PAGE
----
And the pro-business Free Democrats — whose former lawmaker Rainer Bruederle sparked an early German version of the #MeToo debate in 2013 with alleged inappropriate comments to a female journalist — has women in 22 percent of seats.

Merkel has avoided calling herself a feminist and long rejected quotas to promote women in politics or business.

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In an awkward panel discussion a year ago with Ivanka Trump, Merkel gave an evasive answer when asked whether she was a feminist.

Only after Queen Maxima of the Netherlands defined being a feminist as wishing “freedom of choice and opportunities” to all women, Merkel chimed in that “then I am one, too”.

Merkel’s public persona, rather than that of women’s champion, has been that of “Mutti” or “Mummy”, arguably a step up from the days when Kohl dubbed her his “little girl”.

Der Spiegel argued recently that many German men “have a neurotic relationship with Merkel” and that even her nickname “contains a strange mixture of derision and subservience”.


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George Floyd’s brother tears up discussing condolence phone call from Trump: ‘It hurt me’

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The brother of George Floyd described the condolence phone call he received from President Donald Trump during a Saturday interview on MSNBC.

Philonise Floyd was interviewed by the Rev. Al Sharpton on "Politics Nation."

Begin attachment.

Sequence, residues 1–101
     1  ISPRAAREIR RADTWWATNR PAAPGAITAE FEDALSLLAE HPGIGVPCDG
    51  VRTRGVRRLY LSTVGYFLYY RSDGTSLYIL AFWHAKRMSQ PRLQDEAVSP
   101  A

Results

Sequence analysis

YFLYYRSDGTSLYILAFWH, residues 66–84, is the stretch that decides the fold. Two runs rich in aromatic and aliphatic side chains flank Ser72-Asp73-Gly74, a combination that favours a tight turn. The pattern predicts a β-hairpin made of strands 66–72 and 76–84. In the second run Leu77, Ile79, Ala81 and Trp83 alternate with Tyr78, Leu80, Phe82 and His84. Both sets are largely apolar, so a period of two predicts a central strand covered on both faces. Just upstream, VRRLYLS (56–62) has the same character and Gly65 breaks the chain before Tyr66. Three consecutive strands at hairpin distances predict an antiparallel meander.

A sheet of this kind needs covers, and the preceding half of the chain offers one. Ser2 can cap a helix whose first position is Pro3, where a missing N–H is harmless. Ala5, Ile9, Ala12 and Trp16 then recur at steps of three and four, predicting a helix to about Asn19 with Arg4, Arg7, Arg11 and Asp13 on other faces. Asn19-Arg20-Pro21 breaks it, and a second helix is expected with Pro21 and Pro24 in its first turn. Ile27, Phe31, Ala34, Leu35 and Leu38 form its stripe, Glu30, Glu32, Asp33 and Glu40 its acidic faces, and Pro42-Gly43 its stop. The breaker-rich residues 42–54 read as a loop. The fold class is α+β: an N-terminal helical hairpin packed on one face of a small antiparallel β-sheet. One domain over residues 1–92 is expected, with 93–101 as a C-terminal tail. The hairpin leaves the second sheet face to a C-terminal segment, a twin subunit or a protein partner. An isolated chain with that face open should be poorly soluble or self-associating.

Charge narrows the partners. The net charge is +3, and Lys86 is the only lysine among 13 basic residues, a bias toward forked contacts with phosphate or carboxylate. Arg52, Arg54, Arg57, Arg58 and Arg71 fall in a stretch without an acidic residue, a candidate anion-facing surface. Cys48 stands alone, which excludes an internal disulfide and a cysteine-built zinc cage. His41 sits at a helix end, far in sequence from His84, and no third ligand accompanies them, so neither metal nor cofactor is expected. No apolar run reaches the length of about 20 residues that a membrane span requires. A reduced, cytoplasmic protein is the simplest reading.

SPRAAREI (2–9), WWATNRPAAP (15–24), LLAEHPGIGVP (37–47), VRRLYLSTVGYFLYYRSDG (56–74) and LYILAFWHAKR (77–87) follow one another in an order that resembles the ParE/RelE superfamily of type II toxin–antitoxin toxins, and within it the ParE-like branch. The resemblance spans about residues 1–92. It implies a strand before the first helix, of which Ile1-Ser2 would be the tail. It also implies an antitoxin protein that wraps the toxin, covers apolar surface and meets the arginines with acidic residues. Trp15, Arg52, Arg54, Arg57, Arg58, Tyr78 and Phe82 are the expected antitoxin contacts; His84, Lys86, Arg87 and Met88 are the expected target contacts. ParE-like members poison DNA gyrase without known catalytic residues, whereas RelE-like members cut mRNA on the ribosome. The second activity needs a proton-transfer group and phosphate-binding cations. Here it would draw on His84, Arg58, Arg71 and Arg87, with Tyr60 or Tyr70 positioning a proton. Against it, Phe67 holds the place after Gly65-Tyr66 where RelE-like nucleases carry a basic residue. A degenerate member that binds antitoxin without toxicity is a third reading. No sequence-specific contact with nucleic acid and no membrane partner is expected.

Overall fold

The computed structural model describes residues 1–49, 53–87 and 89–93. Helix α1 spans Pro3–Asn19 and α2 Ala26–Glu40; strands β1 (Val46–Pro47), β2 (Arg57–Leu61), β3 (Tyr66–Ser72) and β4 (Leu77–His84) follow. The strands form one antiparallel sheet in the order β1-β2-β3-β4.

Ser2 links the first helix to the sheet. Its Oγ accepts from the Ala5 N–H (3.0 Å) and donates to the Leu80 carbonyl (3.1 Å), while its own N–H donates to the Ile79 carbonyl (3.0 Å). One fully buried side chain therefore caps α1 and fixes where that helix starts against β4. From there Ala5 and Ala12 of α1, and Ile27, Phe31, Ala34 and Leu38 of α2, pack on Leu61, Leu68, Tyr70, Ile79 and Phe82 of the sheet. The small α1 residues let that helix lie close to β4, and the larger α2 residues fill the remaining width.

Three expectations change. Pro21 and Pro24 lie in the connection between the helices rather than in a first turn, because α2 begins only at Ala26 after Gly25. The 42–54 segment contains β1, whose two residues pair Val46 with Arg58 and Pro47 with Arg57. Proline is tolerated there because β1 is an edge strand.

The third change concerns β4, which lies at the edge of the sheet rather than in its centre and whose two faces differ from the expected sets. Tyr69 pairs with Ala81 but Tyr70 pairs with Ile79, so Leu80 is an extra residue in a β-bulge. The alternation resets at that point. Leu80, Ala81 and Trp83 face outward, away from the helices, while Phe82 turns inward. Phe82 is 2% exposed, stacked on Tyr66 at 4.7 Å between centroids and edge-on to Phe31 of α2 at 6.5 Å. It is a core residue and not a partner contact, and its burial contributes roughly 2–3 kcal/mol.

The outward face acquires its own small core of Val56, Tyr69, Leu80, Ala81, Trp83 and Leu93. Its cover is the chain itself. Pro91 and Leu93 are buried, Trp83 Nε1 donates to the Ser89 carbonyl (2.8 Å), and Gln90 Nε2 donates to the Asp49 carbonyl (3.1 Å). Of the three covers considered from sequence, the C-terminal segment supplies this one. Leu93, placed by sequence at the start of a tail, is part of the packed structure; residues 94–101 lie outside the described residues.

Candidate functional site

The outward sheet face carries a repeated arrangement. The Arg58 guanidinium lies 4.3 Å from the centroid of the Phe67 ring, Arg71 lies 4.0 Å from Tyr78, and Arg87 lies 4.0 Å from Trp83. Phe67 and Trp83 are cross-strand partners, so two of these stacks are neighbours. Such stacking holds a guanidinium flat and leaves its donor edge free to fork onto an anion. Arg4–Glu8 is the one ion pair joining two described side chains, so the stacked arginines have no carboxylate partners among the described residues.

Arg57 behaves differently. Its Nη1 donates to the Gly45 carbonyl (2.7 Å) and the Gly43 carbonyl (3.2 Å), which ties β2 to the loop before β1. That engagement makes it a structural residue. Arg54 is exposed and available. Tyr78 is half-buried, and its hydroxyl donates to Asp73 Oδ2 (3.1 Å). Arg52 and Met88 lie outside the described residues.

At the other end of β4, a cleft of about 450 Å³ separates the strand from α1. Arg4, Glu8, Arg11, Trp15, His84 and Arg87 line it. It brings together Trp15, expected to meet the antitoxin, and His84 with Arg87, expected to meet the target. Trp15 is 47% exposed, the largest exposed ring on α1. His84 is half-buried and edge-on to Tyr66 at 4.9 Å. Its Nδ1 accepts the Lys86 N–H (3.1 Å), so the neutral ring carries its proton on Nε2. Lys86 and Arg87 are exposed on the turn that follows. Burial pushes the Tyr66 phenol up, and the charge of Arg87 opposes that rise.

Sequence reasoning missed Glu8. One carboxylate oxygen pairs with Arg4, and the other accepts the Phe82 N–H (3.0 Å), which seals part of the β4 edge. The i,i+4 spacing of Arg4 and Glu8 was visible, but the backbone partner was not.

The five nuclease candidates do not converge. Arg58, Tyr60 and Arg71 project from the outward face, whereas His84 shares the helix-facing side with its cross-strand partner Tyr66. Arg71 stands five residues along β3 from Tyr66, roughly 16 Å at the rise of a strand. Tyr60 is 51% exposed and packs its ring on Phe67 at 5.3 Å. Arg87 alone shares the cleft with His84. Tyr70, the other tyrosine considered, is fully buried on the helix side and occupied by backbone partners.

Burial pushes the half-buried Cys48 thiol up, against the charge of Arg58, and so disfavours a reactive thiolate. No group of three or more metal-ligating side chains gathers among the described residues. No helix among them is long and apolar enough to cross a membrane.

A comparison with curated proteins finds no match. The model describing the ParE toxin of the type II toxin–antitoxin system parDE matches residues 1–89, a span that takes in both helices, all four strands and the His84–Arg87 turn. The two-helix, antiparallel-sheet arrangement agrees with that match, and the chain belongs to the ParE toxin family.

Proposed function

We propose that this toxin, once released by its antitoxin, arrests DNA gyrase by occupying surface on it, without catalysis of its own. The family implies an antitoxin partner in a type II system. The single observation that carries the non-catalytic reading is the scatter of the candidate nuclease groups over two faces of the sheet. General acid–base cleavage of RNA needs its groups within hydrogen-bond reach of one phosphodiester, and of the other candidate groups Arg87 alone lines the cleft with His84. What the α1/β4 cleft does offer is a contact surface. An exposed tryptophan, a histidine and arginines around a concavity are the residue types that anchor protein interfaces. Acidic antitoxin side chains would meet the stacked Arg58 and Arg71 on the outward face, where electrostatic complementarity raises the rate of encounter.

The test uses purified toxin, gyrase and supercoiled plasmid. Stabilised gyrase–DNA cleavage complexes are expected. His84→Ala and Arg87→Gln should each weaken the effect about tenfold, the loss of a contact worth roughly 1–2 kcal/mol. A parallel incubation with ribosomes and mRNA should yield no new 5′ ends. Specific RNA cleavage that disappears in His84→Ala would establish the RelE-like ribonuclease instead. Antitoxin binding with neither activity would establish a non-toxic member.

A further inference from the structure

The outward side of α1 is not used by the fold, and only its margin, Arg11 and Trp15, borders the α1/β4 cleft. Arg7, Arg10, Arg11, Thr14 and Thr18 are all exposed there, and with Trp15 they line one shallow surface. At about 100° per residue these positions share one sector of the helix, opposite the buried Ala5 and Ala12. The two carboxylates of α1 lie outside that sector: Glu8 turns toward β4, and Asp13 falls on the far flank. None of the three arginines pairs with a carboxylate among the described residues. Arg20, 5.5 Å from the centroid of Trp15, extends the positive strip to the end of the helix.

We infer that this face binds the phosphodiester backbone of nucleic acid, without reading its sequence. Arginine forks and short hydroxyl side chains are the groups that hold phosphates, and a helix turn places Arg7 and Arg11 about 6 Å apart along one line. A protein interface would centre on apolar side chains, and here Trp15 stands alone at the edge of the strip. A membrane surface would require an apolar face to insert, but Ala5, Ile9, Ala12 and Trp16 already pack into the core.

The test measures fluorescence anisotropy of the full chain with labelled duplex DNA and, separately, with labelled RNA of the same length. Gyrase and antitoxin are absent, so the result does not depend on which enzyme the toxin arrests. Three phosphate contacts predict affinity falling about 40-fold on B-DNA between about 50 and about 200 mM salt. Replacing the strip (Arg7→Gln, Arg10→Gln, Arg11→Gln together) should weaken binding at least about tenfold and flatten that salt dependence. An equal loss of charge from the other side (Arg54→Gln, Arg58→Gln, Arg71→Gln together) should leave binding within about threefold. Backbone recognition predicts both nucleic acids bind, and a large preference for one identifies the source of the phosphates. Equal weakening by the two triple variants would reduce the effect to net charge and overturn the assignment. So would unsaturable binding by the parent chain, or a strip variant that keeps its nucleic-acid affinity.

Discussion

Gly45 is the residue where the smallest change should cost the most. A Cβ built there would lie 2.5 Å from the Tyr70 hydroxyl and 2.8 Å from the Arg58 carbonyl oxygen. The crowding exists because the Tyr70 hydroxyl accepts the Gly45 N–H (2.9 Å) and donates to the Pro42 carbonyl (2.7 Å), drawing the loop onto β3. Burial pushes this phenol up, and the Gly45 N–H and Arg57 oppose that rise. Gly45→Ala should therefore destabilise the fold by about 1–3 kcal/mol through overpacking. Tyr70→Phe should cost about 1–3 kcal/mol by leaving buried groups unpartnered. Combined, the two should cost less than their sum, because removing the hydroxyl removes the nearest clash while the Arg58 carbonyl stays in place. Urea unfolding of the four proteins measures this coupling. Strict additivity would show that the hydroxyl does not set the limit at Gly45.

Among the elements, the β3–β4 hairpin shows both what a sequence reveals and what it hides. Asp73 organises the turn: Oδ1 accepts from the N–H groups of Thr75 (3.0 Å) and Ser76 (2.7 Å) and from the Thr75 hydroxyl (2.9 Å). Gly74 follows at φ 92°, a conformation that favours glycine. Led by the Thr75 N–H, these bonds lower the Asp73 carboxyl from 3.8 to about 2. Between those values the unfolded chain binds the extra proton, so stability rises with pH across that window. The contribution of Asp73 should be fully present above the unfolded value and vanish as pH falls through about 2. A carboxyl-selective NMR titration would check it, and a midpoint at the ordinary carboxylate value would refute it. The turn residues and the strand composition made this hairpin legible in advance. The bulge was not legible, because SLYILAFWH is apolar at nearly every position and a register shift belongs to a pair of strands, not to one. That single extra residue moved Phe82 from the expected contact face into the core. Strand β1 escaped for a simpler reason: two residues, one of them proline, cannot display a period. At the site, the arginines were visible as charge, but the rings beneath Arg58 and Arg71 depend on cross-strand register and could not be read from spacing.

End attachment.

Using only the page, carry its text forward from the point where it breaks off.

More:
While Derek Chauvin has been arrested and charged with third degree murder, the other three officers involved in the killing remain free.

"They all need to be convicted of first degree murder and given the death penalty," Floyd said.

"What was the conversation with President Trump like?" Sharpton asked.

"It was so fast," Floyd replied.

"He didn't give me an opportunity to even speak. It was hard, I was trying to talk to him, but he just kept like pushing me off, like 'I don't want to hear what you're talking about.' And I just told him I want justice. I said that I couldn't believe they committed a modern-day lynching in broad daylight."

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Bill Barr slammed by ex-FBI official for ignoring the right-wing ‘Boogaloo Bois’ infiltrating protests

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Attorney General Bill Barr was slammed by the former assistant director for counterintelligence at the Federal Bureau of Investigation on Saturday for misleading Americans about the source of violence at the protests over the killing of George Floyd while in police custody.

"There's evidence developing, Brian, that the organization we're seeing of the most violent protesters is coming from a couple of disturbing places," both, by the way, there's disparate in terms in being from the right or the left. here's what those who monitor these groups and sites are seeing.

"We're seeing a far-right group, one group for example known as the Boogaloo Bois, who on their private Facebook page and social media outlets are calling for violence, calling for people to show up," Frank Figliuzzi told MSNBC's Brian Williams.

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Trump is the ‘greatest troll in the history of the internet’ and Twitter needs to ‘pull the plug’: NYT columnist

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President Donald Trump would face an existential crisis if Twitter were to enforce it's own rules and hold him accountable -- and one New York Times columnist wants to see it happen.

"C’mon, @Jack. You can do it," Maureen Dowd wrote, referring to Twitter CEO Jack Dorsey with his username on the platform.

She urged Dorsey to "just pull the plug on him."

"You could answer the existential question of whether @realDonaldTrump even exists if he doesn’t exist on Twitter. I tweet, therefore I am. Dorsey meets Descartes," she explained. "All it would take is one sweet click to force the greatest troll in the history of the internet to meet his maker."